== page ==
In this tutorial I'll explain how to test the MAP sensor, on the 2002, 2003, and 2004 2.4L Honda CR-V, with a multimeter. All of the test steps are explained in a step-by-step manner.
This test is so accurate that you'll be able to find out if your Honda CR-V's MAP sensor is defective (or not) without having to swap it out with a known good one.
Contents of this tutorial at a quick glance:
You can find this tutorial in Spanish here: Cómo Probar El Sensor MAP (2002-2004 2.4L Honda CR-V) (at: autotecnico-online.com).
Symptoms Of A Bad MAP Sensor
The fuel system on your 2.4L Honda CR-V is a 'speed-density' fuel system.
This means that the computer needs to know the intake air temperature, engine RPMs, and the intake manifold pressure to calculate the amount of air entering your CR-V's 2.4L engine.
Once the fuel injection computer has calculated the amount of air entering the engine, it can now calculate the correct amount of fuel to inject.
So as you've already guessed, it's your Honda CR-V's MAP sensor's job to measure the amount of intake manifold vacuum.
Since the MAP sensor is a key component of fuel injection system, when it fails you're gonna' see the check engine light lit up by one of the following trouble codes:
- DTC P0107 MAP Sensor Circuit Low Voltage.
- DTC P0108 MAP Sensor Circuit High Voltage.
- DTC P1128 MAP Sensor Signal Lower Than Expected.
- DTC P1129 MAP Sensor Signal Higher Than Expected.
You'll also see one or more of the following symptoms:
- Rough idle.
- ‘Rotten egg’ smell coming from the exhaust.
- Won't pass the state mandated emissions test.
- Bad gas mileage.
- Lack of power, rough idle, or hesitation.
- Engine cranks a long time before starting.
As you've probably already noticed, your Honda CR-V's MAP sensor has 3 wires coming out of its electrical connector. The table below has a brief description of each:
Where To Buy The MAP Sensor And Save
The following links will help you comparison shop for your 2.4L Honda CR-V's MAP sensor. I think they'll save you some bucks:
NOTE: If you're not sure if the above MAP sensor fits your particular 2.4L Honda CR-V, don't worry. Once you get to the site they'll make sure the MAP sensor fits. If it doesn't, they'll find you the right one.
TEST 1: Testing The MAP Sensor Voltage Signal
What we're gonna' do, to find out if the MAP sensor is defective (or not), is to apply vacuum to the sensor using a vacuum pump while having a multimeter connected to the MAP signal wire (GRN/RED wire).
During the test we'll have the MAP sensor connected to its electric connector (since we need the fuel injection computer to provide it with 5 Volts and Ground).
As we apply vacuum to the MAP sensor, the MAP sensor's voltage signal should decrease. If the MAP sensor is defective, you won't see the MAP signal voltage react to the vacuum being applied to it.
Don't worry, this is a very simple and easy test.
If you don't have a multimeter and need to buy one, check out my recommendations here: Buying A Digital Multimeter For Automotive Diagnostic Testing.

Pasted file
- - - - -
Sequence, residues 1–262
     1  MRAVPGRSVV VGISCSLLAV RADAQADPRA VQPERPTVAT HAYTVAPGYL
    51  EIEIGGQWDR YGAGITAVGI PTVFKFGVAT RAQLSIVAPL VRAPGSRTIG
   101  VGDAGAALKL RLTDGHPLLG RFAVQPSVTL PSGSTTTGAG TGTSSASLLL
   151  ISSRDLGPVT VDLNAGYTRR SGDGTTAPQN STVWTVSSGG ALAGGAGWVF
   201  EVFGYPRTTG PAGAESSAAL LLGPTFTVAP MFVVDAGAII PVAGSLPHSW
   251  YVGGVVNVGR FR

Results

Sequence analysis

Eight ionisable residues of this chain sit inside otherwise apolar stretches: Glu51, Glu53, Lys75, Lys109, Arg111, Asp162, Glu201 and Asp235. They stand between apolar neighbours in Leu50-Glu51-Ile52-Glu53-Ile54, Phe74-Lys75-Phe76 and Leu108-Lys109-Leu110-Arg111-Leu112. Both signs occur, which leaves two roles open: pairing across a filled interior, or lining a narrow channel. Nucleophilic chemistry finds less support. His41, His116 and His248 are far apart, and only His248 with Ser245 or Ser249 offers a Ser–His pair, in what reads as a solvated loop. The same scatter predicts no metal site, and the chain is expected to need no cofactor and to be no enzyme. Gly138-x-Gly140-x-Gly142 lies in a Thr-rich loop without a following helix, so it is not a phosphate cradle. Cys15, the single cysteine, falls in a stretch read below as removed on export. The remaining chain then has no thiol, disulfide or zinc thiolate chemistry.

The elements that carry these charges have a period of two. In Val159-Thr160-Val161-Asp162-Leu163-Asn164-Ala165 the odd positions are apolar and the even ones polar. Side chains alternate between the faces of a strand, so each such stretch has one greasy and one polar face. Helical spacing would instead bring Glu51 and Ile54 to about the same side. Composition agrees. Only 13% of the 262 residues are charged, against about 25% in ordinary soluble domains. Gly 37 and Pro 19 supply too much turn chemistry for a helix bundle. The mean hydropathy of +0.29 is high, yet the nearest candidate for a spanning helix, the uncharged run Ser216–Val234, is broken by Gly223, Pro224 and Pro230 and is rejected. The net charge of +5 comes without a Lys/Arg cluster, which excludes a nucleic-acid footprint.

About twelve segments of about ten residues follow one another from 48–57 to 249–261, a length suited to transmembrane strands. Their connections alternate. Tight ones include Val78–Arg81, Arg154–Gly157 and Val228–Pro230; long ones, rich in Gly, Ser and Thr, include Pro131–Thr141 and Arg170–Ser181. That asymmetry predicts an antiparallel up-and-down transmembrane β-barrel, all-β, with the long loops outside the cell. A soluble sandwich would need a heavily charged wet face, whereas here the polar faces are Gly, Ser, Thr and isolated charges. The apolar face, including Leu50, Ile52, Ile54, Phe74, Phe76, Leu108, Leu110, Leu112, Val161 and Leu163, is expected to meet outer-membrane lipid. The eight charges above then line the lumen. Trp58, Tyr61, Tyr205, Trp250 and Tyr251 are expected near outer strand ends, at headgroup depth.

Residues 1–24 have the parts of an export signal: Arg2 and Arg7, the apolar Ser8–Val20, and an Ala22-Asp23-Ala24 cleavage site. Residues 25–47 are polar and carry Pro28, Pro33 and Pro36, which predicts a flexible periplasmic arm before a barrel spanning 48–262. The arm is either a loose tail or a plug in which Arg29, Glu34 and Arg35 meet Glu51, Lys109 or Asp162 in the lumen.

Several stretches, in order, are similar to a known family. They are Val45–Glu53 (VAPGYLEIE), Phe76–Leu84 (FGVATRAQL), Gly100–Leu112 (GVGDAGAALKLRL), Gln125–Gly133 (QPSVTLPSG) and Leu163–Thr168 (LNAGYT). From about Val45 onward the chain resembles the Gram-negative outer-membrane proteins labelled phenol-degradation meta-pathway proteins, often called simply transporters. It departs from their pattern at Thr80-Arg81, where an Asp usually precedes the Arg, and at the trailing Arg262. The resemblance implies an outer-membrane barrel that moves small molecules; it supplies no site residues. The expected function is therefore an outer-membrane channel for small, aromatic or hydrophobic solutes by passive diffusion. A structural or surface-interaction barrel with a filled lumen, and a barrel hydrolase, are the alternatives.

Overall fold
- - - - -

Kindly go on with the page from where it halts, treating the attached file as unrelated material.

IMPORTANT: The MAP sensor needs to stay connected to its electrical connector for this test to work. You'll need to use a back-probe or a wire-piercing probe to measure the MAP signal voltage. To see what a wire-piercing probe looks like, go here: Wire Piercing Probe.
Let's get started:
Remove the MAP sensor from the intake manifold.
Connect your vacuum pump to the MAP sensor's vacuum inlet port. Reconnect the MAP sensor to its connector if you disconnected it.
Set your multimeter's selector to Volts DC mode and with the red test lead, probe the GRN/RED wire of the MAP sensor's connector.
Remember, the MAP sensor must remain connected to its 3 wire connector.
Ground the black multimeter test lead directly on the battery negative terminal.
When everything is ready, turn the Key on but don't start the engine. This will power up the MAP sensor and you should see a reading somewhere between 2.9 to 4.5 Volts DC on your multimeter.
Now, apply vacuum to the MAP sensor with the vacuum pump (or your mouth). The voltage signal value should decrease.
Release the vacuum. Once released, your multimeter should show the original voltage value.
Repeat this test step several times making sure that each time the voltage decreases/increases as you apply/release vacuum.
Let's take a look at what your test results mean:
CASE 1: The MAP voltage signal decreased and increased as you applied and released vacuum. This is the correct test result and it tells us that your 2.4L Honda CR-V's MAP sensor is functioning correctly.
CASE 2: The MAP voltage signal DID NOT increase (and/or decrease) as you applied and released vacuum. This test result usually indicates that your CR-V's MAP sensor is defective.
To be sure that the MAP sensor is defective, we need to make sure that it's getting power and Ground. For these two tests go to: TEST 2: Verifying MAP Sensor Has 5 Volts And Ground.
CASE 3: The multimeter DID NOT register any voltage. This test result usually indicates that your CR-V's MAP sensor is defective or isn't getting power (or Ground).
The next step is to see if your CR-V's MAP sensor is getting power and Ground. For these two tests go to: TEST 2: Verifying MAP Sensor Has 5 Volts And Ground.